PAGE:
Perform assessment and marking of relevant specimen excision margins to enable correct orientation of the samples. DOPS
Perform dictated description of 10 cancer resection specimens being dissected. DOPS
Perform microtomy on 10 different tissue types from different cancer resections and stain with H and E stain. DOPS
Evaluate and perform a prognostic indicator assessment using the appropriate demonstration technique to a named cancer type. DOPS
Perform microscopical interpretation of stained slides and produce a quality assessment evaluation report. DOPS
Perform microscopical interpretation of stained slides from 6 different major organ types DOPS
From evidence gathered and discussions with relevant clinical colleagues, produce a clinical pathway document detailing the impact of the diagnostic process on the overall patient pathway. OCE
From evidence gathered and discussions with relevant clinical colleagues, produce a reflective account of the learning acquired OCE
Perform microscopical interpretation of H and E stained slides from 6 different major organ types and demonstrate to a Consultant Histopathologist normal and abnormal morphology, relating their morphologic appearance to the clinical condition. OCE
Perform microscopical interpretation of stained slides from 6 different major organ types and demonstrate to a Consultant Histopathologist the algorithmic processes used to determine a differential diagnosis. OCE
In discussion with a Consultant Histopathologist, use information gathered from the algorithmic process to produce a preliminary diagnosis for 6 specimens from different major organ types. OCE
Discuss differential diagnosis at a relevant MDT meeting. OCE

Important information

The academic parts of this module will be detailed and communicated to you by your university. Please contact them if you have questions regarding this module and its assessments. The module titles in your MSc may not be exactly identical to the work-based modules shown in the e-portfolio. Your modules will be aligned, however, to ensure that your academic and work-based learning are complimentary.

Learning Outcomes

  1. Describe the biology of normal and abnormal growth.
  2. Describe the processes of tumour growth, angiogenesis, apoptosis and metastasis.
  3. Explain the role of oncogenes in cancer development and the molecular basis of oncogenesis.
  4. Describe and justify the use of diagnostic algorithms to aid the diagnosis of malignant disease.
  5. Describe the use of prognostic indicators to provide advice on clinical and surgical treatment in a multidisciplinary setting.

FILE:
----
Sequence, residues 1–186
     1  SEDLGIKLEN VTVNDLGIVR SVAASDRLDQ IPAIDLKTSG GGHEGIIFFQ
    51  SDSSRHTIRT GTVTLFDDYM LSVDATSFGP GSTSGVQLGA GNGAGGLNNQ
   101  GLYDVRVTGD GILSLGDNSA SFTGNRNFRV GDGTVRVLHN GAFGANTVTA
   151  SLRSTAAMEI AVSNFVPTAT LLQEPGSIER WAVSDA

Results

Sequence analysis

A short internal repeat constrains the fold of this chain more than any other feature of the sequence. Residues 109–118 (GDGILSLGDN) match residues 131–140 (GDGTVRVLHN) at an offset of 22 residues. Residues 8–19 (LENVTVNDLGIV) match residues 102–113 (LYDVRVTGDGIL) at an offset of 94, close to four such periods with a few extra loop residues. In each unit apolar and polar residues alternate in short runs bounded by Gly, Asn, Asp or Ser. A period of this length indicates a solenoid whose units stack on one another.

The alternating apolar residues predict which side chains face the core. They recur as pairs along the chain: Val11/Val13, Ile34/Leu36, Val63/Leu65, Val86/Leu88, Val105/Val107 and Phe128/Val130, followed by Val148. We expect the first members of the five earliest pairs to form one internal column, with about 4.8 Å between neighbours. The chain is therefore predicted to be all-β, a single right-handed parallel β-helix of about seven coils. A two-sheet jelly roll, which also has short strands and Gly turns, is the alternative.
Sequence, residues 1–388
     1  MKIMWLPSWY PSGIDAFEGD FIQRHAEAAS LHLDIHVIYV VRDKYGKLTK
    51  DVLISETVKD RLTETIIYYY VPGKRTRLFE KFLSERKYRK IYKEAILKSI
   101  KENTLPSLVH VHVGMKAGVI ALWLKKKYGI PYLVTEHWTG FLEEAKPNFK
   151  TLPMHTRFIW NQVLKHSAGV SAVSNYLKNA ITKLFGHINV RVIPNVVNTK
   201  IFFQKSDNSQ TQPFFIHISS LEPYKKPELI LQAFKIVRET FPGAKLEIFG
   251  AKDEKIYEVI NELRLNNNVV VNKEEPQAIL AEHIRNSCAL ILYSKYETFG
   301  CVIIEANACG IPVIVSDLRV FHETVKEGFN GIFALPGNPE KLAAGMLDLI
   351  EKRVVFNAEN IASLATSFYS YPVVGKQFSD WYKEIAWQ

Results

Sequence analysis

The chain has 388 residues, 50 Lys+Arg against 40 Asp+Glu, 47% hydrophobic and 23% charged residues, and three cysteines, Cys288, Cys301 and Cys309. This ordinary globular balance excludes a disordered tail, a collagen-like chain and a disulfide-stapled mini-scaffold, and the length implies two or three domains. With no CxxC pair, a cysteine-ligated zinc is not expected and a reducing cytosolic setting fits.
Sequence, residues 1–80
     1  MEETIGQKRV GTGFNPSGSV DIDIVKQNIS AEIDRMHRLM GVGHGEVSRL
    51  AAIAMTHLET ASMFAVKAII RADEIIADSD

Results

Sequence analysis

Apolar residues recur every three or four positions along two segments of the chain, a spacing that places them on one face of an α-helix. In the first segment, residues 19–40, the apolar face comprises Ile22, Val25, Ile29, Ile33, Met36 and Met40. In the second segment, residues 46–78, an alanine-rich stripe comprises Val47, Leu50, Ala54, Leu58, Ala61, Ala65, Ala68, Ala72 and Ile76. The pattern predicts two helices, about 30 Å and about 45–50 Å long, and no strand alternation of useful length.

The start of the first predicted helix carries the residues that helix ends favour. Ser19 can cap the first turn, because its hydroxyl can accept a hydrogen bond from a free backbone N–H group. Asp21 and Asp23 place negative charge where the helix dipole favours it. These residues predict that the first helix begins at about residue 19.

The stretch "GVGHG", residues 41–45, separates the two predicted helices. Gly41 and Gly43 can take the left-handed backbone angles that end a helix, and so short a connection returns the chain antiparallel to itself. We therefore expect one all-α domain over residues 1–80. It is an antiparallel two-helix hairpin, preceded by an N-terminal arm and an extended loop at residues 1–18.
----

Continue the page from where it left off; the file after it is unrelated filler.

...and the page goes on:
6. Discuss and critically evaluate the application of clinical and surgical treatment modalities for cancer, including the underpinning evidence base.
  7. Discuss and justify the relevance of national and international targets and achievements in the diagnosis, management and survival of cancer patients.
  8. Discuss the partnership of histopathology to other clinical specialisms in the investigation and management of cancer and patient care.

Indicative Content

  • Principles of the initiation and mechanisms of malignant growth and metastasis, including:
    • genetic deregulation and the role of proto-oncogenes and oncogenic viruses
    • the role of telomerase activation in tumourgenesis
    • cell proliferation
    • signalling pathways
    • apoptosis
    • the role of hormones
    • angiogenesis
  • The principles and significance of clonality
  • The principles of radioactive and chemical carcinogenesis
  • Karyotyping and familial predisposition to certain types of cancer
  • Tumour–host interactions
  • Aetiology, homeostasis, pathogenesis and the main clinical features, including age-related factors, of malignant diseases encountered in organ group-specific malignant disease, including:
    • skin malignancy
    • breast malignancy
    • hepatobilary malignancy
    • gastrointestinal malignancy
    • genitourinary malignancy
    • vascular malignancy
    • respiratory malignancy
    • gynaecological malignancy
    • male reproductive malignancy
    • endocrine malignancy
    • haemopoietic malignancy
    • neuromuscular malignancy
    • ENT malignancy
    • ophthalmic malignancy
    • osteoarticular malignancy
  • Application of a wide range of histological techniques to the diagnosis of cancer
  • The processes of grading and staging of cancer
  • Role of diagnostic prognostic and predictive markers in the clinical management of patients
  • National screening programmes for cancer
  • The role of clinical and surgical treatment options in the management of disease
  • The impact of diagnostic histopathology on clinical outcomes
  • Multidisciplinary team meetings
  • Cancer targets – fast-track from GP to treatment (to include initial diagnosis of organ-specific tumour site, e.g. breast, prostate)